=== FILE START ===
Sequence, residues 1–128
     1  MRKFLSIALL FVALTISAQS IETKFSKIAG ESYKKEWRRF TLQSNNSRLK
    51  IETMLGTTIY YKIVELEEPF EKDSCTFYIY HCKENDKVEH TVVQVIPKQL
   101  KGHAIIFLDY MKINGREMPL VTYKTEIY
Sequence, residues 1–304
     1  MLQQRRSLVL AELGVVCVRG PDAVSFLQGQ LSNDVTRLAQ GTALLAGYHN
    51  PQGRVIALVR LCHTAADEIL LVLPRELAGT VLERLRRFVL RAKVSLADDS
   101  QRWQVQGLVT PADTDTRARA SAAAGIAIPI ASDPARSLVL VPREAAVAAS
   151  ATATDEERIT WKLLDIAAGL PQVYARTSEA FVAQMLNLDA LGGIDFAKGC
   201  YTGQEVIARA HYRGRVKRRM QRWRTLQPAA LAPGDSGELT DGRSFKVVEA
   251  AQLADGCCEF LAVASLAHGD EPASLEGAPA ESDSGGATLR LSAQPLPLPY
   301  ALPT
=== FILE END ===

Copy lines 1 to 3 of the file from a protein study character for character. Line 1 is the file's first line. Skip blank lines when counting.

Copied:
Sequence, residues 1–128
     1  MRKFLSIALL FVALTISAQS IETKFSKIAG ESYKKEWRRF TLQSNNSRLK
    51  IETMLGTTIY YKIVELEEPF EKDSCTFYIY HCKENDKVEH TVVQVIPKQL